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Publication numberUS3838236 A
Publication typeGrant
Publication dateSep 24, 1974
Filing dateMay 23, 1973
Priority dateMay 23, 1973
Publication numberUS 3838236 A, US 3838236A, US-A-3838236, US3838236 A, US3838236A
InventorsCorn P, Gebhardt W, Wolf W
Original AssigneeSwitches Inc
Export CitationBiBTeX, EndNote, RefMan
External Links: USPTO, USPTO Assignment, Espacenet
Actuating means for warning devices
US 3838236 A
Abstract
The invention disclosed herein relates to an actuating means for a warning device such as a horn for an automobile. The actuating means includes an actuator that is supported at opposite sides on a base and overlying an elongated recess which supports a switch consisting of first and second elongated strips that are electrically insulated from each other by a resilient non-conductive member. The actuator has a plurality of longitudinally spaced projections extending towards the switch and slits dividing the actuator into a plurality of flaps so that application of a force to any point on the flaps will cause deflection of the actuator to produce engagement between the elongated strips.
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United States Patent [1 1 Wolf et al. Sept. 24, 1974 ACTUATING MEANS FOR WARNING 3,720,938 3/1973 Lcposuvic zoo/5 A x DEVICES 3,742,157 6/l973 Leposavic 200/5 A Inventors: Walter A. Wolf; Wallace A.

Gebhardt;Prentice R. Corn, all of Logansport, Ind.

Switches Incorporated, Logansport, Ind.

Filed: May 23, 1973 Appl. No.: 363,084

Assignee:

References Cited UNITED STATES PATENTS 8/l97l Leposavic 200/5 A 6/1972 Corn et al ZOO/61.55 10/1972 Tetrick 200/5 A X Primary Examiner-James R. Scott Attorney, Agent, or Firm-Dressler, Goldsmith, Clement & Gordon, Ltd.

[ 5 7] ABSTRACT The invention disclosed herein relates to an actuating means for a warning device such as a horn for an automobile. The actuating means includes an actuator that is supported at opposite sides on a base and overlying an elongated recess which supports a switch consisting of first and second elongated strips that are electrically insulated from each other by a resilient nonconductive member. The actuator has a plurality of longitudinally spaced projections extending towards the switch and slits dividing the actuator into a plurality of flaps so that application of a force to any point on the flaps will cause deflection of the actuator to produce engagement between the elongated strips.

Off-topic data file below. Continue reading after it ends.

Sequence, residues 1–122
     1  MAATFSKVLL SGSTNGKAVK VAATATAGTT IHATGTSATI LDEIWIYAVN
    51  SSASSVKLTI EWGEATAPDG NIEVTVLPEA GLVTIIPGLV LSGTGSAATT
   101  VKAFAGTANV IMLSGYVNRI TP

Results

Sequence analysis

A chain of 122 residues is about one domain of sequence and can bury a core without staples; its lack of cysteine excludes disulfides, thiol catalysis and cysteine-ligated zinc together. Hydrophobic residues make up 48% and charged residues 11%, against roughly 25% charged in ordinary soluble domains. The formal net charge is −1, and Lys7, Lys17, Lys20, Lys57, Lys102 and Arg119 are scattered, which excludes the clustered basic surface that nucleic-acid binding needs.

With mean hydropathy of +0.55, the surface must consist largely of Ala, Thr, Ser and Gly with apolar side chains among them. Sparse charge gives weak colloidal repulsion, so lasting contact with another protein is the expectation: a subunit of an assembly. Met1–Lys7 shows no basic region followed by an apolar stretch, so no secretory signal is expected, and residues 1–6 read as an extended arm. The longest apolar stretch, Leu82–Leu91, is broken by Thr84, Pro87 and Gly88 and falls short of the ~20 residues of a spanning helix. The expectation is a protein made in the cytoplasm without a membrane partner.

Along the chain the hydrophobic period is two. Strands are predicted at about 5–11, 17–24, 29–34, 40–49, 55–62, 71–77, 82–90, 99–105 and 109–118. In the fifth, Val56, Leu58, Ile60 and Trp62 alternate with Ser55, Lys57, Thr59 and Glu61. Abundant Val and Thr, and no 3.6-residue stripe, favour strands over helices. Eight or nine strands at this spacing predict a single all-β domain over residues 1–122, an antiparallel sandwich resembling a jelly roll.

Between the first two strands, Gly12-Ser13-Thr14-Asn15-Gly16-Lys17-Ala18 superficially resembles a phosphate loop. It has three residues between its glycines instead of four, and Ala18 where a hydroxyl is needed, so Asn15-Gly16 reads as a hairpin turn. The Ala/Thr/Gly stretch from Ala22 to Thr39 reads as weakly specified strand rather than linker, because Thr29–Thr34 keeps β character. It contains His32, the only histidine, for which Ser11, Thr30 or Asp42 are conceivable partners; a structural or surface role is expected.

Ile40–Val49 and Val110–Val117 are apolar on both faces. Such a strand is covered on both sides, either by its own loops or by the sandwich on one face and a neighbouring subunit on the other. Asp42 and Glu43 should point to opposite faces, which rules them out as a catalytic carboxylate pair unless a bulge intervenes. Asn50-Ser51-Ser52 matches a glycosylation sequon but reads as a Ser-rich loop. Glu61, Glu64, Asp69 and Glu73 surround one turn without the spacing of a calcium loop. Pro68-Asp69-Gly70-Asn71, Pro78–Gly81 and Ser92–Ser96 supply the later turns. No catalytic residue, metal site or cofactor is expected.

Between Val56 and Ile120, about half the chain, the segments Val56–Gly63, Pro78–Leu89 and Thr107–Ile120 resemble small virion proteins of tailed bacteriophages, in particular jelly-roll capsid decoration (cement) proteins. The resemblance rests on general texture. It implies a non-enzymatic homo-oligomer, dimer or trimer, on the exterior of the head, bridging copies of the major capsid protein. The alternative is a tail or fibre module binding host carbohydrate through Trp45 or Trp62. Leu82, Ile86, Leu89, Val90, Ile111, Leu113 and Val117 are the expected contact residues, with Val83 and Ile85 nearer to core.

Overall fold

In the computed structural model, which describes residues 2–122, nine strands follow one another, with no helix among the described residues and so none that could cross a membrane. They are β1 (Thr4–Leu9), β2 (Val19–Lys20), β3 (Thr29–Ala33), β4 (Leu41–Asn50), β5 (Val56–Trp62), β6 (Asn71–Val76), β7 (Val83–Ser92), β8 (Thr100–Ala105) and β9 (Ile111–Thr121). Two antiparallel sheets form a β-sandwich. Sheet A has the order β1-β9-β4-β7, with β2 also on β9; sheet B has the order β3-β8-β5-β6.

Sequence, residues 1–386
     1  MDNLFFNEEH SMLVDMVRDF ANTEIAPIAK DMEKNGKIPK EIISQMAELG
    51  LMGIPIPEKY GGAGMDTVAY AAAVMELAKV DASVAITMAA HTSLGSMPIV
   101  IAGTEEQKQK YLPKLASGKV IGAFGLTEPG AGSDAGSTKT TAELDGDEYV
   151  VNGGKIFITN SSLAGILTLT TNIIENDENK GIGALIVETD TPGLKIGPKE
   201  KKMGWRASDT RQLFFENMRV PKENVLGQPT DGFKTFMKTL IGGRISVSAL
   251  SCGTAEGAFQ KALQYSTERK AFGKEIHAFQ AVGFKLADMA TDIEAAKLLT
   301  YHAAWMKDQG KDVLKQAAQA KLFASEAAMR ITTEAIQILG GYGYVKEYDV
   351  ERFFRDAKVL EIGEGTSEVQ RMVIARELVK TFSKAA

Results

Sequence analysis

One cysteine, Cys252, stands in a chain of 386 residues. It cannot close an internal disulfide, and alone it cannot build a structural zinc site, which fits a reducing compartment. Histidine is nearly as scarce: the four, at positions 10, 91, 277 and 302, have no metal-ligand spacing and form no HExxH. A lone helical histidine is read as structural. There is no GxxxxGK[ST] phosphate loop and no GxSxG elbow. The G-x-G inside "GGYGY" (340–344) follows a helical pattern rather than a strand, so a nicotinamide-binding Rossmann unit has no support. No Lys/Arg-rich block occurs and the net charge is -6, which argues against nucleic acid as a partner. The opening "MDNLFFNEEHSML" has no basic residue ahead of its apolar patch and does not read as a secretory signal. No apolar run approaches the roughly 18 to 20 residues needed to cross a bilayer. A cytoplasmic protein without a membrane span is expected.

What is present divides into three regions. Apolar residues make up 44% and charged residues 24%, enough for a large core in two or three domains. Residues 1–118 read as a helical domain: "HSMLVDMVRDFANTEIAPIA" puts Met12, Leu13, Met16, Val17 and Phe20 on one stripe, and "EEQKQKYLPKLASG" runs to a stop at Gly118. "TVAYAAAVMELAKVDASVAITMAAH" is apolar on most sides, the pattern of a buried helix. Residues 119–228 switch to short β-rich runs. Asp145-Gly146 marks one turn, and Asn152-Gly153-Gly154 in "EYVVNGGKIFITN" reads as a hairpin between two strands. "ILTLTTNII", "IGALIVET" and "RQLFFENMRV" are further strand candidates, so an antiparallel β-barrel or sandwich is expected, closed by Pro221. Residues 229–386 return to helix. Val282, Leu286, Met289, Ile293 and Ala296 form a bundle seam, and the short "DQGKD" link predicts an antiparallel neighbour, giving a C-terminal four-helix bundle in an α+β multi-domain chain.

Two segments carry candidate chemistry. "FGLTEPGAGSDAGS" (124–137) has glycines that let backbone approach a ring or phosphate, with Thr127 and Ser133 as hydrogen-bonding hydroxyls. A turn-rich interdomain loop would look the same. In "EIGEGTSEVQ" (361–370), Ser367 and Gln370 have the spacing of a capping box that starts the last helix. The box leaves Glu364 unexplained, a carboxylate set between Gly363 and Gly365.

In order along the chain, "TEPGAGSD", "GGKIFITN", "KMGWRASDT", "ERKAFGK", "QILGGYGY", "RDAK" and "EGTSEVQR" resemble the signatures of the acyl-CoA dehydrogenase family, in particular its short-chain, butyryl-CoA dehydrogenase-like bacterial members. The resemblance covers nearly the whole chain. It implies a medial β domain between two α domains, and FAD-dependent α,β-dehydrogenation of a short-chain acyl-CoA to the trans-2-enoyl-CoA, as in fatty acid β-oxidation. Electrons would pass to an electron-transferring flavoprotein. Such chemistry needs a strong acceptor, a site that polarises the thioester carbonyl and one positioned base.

9 Claims, 4 Drawing Figures BACKGROUND OF THE INVENTION BRIEF DESCRIPTION OF THE SEVERAL VIEWS OF DRAWINGS FIG. l is a perspective view of a steering mechanism The present invention relates generally to elongated having the Present invention incorporated therein;

switches and more particularly to an improved actuating mechanism for such switches.

With the recent emphasis on safety and the requirement for resilient padding in the areas surrounding the operators compartment of the vehicle, manufacturers have tended to eliminate the conventional type of horn actuating mechanism that is located at the center of the steering wheel and overlies the upper end of the steering column. One type of actuating mechanism that-has been used as a replacement for the circular horn button incorporates elongated switches that consist of first and second elongated metal strips which are normally held in spaced relation to each other and are flexed into engagement with each other by the application of a force to one of the strips. To eliminate any protrusions extending from the steering wheel, the actuating mechanism for the strip switches is in the form of an inherently-resilient cover having a substantially flush surface and some means cooperating with one of the strips of the switch so that deformation of the cover will actuate the switch.

In one such installation, the elongated strips are located in arms that extend from the center steering column for the vehicle and these arms may be a connection between the steering column and the steering rim or alternatively may be used as the steering element. Usually, these arms have a substantial width, which means that the resilient covering is also substantially wider than the narrow elongated switches. In this type of installation, difficulties have been encountered in insuring that the switch is actuated when force is applied to any portion of the resilient cover.

SUMMARY OF THE INVENTION The actuating means for a warning device, such as a horn, includes an elongated switch consisting of first and second elongated strips that are electrically insulated from each other adjacent opposite edges and in which the switch is carried by a support, such as a steering mechanism for a vehicle, with a resilient cover overlying the support. The actuating means includes an actuator that is located between the resilient cover and the rigid support and the actuator is designed so that an application of force at any point between opposite sides of the resilient cover will produce contact between the elongated metal strips.